Your toilet tank will tell you if your water has iron, rust or sediment in it. If you have copper piping, it means that your copper piping is likely not being corroded. You might still have hard water (high in calcium carbonate minerals) but generally, a clean white flush tank is good and what you want to see. Click Here to Continue Reading This Post
Copper corrosion in home plumbing systems is a common phenomenon, which can have many causes.
Besides actual piping failure, the telltale blue stains the oxidized copper leaves on sinks, tubs, and fixtures can identify copper corrosion.
Often laundry and even blonde hair can be tinted blue. Copper can be toxic, and water-containing levels over 1.0 mg/L should not be used for drinking.
If there are iron pipes present, the water can be colored rust or reddish and contain metallic or sulfur odors and sediment. Corrosion can cause the piping to fail, in some cases in less than 10 years. Learn how to deal with copper contamination. Click Here to Continue Reading This Post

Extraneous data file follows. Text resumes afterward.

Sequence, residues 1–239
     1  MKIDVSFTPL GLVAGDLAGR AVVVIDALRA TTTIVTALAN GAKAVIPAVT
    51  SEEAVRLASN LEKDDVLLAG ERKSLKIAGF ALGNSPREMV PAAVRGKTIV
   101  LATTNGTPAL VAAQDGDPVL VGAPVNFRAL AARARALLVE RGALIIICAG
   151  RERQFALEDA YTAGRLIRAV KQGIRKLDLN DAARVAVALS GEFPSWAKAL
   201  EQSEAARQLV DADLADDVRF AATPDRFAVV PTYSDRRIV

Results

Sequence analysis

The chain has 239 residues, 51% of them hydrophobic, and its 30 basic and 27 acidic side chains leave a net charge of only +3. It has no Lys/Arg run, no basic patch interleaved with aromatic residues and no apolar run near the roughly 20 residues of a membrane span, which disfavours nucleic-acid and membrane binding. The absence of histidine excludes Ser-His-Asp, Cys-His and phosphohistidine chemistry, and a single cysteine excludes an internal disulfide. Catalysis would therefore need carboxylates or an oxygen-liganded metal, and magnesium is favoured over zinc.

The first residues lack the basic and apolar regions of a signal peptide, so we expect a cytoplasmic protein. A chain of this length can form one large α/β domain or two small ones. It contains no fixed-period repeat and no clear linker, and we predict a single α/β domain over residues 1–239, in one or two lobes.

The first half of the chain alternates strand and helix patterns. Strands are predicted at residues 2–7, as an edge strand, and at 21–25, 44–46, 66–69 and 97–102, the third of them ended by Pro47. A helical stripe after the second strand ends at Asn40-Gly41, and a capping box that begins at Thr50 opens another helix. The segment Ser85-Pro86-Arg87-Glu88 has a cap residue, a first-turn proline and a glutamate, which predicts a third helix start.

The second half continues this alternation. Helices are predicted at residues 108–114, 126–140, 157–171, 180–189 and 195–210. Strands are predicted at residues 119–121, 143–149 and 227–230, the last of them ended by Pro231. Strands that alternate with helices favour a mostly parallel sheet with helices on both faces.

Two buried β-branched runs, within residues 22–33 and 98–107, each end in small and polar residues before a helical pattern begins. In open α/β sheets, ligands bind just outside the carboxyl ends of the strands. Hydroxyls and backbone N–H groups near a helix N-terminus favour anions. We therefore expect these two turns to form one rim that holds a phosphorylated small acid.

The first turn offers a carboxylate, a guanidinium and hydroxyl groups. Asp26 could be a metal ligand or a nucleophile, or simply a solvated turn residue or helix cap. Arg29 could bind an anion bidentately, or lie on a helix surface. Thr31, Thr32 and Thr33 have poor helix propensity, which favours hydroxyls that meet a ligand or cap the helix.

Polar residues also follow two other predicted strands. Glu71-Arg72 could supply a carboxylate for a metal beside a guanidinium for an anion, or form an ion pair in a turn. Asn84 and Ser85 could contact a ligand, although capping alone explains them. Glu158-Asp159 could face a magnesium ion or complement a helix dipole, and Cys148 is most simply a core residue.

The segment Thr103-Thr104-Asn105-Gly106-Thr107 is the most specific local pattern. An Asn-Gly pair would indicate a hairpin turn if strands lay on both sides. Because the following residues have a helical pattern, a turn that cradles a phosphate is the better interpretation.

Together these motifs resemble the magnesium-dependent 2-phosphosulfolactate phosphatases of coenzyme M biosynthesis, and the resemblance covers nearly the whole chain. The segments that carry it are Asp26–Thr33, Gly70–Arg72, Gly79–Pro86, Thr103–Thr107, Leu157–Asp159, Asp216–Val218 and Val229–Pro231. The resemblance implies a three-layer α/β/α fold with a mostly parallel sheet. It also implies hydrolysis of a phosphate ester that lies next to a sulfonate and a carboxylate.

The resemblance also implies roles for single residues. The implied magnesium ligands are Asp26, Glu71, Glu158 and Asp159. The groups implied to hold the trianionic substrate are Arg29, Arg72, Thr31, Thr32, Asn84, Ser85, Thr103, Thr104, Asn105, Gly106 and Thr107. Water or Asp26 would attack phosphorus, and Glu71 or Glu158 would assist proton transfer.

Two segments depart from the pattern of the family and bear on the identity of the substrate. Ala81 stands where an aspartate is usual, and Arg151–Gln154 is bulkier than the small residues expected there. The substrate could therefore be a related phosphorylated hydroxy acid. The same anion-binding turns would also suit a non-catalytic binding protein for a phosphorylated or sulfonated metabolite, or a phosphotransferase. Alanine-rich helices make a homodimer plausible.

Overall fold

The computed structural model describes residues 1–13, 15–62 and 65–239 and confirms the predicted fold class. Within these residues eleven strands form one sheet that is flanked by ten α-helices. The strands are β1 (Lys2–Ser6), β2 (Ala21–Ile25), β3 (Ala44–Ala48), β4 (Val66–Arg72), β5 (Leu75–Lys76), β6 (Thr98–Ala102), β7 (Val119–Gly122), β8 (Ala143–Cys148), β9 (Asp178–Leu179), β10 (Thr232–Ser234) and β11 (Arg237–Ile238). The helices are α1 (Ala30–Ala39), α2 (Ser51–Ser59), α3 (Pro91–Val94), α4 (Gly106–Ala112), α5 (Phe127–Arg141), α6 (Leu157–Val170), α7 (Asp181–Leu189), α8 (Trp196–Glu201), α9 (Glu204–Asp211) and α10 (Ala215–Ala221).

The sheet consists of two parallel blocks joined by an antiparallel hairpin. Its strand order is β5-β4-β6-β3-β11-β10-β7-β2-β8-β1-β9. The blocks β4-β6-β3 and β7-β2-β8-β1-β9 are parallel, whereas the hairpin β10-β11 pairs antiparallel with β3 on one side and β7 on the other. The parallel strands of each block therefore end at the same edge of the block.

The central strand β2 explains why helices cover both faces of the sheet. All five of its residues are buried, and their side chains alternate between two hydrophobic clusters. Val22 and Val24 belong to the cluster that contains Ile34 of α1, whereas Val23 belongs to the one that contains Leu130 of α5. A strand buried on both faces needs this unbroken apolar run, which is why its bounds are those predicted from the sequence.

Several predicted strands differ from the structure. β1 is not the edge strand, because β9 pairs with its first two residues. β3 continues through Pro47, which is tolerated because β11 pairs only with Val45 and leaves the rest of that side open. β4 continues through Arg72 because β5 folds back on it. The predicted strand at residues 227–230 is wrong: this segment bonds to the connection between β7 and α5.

Can you drink water that had stood around for a long time? If it’s capped and sealed tightly so nothing could possibly get inside, you wouldn’t hesitate to take a swig from your vintage water, or would you? Clean Water Systems will teach you how to store water for long term. Click Here to Continue Reading This Post
This brief article gives information about several common contaminants found in private wells. It should help you decide when to sample your well and how often. Click Here to Continue Reading This Post
Do It Yourself (DIY) Well Water Kit for Coliform Bacteria Health Departments and EPA guidelines recommend testing your well water at least twice a year for coliform bacteria. Bacteria can contaminate a well without any change in taste or odors to the water. Now you can analyze for unhealthy bacteria at home utilizing state-of-the-art, low cost […] Click Here to Continue Reading This Post